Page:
Stumped on this absolute convergence problem! (Converge conditionally, absolutely, or diverges)

$$\sum_{n=2}^\infty \frac{(-1)^n}{\ln(n)} $$

First, I try to do the absolute convergence test: $$\sum_{n=2}^\infty \left\lvert \frac{-1^n}{\ln(n)}\right\rvert = \sum_{n=2}^\infty \frac{1}{\ln(n)} $$

Not sure how to evaluate this series. Which test to use?


The series fulfills the conditions of Leibniz alternating series and then it converges, but it doesn't converge absolutely since by comparison

$$\frac1{\log n}\ge\frac1n$$

and the harmonic series diverges.

  • $\begingroup$ What's the most intuitive way to know that $ln(n) < n$ ? Or directly that $\frac{1}{n} \le \frac{1}{ln(n)}$ Exponent for e to get 10 is way smaller than 10. So, ln(10) < 10. ie: ln(n) < n $\endgroup$ – JackOfAll Mar 16 '16 at 21:11
  • $\begingroup$ @JackOfAll Evaluate, for example with l'Hospital, the limit $\;\lim_{x\to\infty}\frac{\log x}{x^\epsilon}\;$ , for any $\;\epsilon>0\;$ . You'll see at once that the limit is zero, so that for $\;x\;$ big enough you have that inequality. $\endgroup$ – DonAntonio Mar 16 '16 at 21:13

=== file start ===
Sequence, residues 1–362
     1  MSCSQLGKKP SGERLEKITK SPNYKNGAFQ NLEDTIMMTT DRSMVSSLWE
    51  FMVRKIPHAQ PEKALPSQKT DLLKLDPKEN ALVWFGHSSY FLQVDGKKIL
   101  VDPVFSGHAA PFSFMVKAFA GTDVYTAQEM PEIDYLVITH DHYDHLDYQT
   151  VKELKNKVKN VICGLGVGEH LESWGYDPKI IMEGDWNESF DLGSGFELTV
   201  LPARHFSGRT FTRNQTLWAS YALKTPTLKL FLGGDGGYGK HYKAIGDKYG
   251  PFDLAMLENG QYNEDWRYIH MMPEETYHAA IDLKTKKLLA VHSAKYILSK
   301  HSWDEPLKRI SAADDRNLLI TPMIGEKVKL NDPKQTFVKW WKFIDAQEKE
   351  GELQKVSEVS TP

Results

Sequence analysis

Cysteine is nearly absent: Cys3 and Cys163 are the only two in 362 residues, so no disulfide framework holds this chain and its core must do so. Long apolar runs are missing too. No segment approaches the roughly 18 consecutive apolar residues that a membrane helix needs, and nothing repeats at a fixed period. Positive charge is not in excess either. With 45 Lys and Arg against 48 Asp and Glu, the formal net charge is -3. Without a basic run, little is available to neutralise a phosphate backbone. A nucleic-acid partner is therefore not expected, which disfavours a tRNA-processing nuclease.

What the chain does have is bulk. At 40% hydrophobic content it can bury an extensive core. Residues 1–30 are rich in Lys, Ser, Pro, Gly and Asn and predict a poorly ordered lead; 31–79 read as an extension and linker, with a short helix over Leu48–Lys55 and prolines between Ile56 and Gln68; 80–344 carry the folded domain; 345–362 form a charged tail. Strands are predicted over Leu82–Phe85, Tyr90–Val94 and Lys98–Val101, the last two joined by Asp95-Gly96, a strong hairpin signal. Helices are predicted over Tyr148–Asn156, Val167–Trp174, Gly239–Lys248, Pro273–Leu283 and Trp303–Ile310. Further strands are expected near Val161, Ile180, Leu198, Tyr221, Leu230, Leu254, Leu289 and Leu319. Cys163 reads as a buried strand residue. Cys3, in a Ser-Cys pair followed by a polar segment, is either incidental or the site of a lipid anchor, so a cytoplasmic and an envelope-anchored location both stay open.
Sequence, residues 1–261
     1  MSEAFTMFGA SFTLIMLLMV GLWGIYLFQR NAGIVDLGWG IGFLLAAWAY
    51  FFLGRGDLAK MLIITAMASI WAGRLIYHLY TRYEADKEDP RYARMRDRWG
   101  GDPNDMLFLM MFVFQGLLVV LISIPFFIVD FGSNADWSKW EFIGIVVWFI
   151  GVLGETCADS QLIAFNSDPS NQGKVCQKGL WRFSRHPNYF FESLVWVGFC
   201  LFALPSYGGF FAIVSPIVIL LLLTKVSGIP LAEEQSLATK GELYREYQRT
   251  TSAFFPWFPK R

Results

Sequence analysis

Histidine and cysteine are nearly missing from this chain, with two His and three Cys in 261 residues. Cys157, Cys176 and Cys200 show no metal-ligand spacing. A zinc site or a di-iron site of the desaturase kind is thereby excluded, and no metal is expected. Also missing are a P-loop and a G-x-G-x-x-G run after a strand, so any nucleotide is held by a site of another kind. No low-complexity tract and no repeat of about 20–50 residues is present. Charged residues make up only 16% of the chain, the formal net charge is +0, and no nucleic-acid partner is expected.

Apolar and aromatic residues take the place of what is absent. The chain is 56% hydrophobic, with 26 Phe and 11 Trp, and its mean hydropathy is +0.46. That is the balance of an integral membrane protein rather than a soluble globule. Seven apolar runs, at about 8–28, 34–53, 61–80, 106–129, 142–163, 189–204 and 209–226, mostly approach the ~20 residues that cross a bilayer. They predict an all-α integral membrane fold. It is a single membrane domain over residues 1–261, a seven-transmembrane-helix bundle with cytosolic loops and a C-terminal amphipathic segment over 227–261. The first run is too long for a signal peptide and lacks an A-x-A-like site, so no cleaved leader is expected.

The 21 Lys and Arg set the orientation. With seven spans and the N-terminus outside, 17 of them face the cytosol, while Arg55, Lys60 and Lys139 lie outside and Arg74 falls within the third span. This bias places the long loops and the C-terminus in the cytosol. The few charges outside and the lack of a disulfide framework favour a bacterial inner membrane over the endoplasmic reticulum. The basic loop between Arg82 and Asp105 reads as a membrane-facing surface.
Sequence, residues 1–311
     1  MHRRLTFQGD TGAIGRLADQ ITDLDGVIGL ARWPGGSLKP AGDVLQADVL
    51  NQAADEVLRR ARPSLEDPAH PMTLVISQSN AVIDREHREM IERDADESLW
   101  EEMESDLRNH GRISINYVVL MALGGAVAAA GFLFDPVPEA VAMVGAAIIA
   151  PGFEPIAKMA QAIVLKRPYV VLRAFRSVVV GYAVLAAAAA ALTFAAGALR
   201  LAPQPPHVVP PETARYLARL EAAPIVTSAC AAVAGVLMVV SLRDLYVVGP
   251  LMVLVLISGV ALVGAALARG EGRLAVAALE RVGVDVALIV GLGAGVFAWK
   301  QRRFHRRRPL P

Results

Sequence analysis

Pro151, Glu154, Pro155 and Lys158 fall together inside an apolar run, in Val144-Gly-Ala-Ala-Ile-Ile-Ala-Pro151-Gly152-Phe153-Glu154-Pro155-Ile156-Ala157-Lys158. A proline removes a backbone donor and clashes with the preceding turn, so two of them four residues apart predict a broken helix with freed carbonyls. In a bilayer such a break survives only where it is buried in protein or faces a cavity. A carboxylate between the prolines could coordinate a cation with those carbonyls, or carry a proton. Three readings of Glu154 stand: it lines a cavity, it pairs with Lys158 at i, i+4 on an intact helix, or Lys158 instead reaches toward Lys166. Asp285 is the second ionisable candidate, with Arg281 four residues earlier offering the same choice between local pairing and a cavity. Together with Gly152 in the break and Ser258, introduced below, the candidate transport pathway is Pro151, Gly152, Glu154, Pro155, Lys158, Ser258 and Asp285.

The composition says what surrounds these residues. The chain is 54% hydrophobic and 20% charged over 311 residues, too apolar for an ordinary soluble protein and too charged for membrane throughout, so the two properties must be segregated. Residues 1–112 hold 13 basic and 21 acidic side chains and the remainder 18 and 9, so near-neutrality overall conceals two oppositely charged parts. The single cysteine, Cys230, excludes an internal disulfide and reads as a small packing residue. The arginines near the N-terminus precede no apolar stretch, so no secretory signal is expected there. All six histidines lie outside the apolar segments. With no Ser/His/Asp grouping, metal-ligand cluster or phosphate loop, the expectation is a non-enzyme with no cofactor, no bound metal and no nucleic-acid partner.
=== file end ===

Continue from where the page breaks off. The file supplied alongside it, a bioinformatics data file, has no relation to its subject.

• $\begingroup$ How do you algebraically go from $ln(n) < n $ to $\frac{1}{ln(n)} > \frac{1}{n}$ $\endgroup$ – JackOfAll Mar 16 '16 at 21:16
  • $\begingroup$ For $\;n>2\;,\;\;\log n>0\;$ , so $\;\log n<n\iff\frac1{\log n}>\frac1n\;$ . This is simply inequalities and fractions. $\endgroup$ – DonAntonio Mar 16 '16 at 21:17
  • $\begingroup$ Just because $log(n )> 0$, why can you assume $log( n) < n$ ? $\endgroup$ – JackOfAll Mar 16 '16 at 21:18

You know that for $n\ge 1$, $\ln(n) \le n$ which in turn says that $\frac{1}{n}\le \frac{1}{\ln(n)}$. What does this tell you about the absolute convergence?

As for conditional, think about the alternating series test.

  • $\begingroup$ Well since you're doing series, I would think you've done derivatives. You can easily show that $x-\ln(x)$ is increasing by taking a derivative and doing some basic manipulations. $\endgroup$ – Cameron Williams Mar 16 '16 at 21:13

do you know alternated series ?

you can also group the terms by two, and find that $$\frac{1}{\ln (2 n)} - \frac{1}{\ln (2 n+1)} = \frac{\ln (2 n+1) - \ln (2 n)}{\ln (2n) \ln (2n+1)} = \frac{\ln \left(1+\frac{1}{2n}\right)}{\ln (2n) \ln (2n+1)} \sim \frac{1}{2n \ln^2 n}$$

and $\sum_{n=2}^\infty \frac{1}{n \ln^2 n}$ is by the Cauchy condensation test, or the integral test, an absolutely convergent Bertrand series.


Your Answer

By clicking “Post Your Answer”, you agree to our terms of service, privacy policy and cookie policy

Not the answer you're looking for? Browse other questions tagged or ask your own question.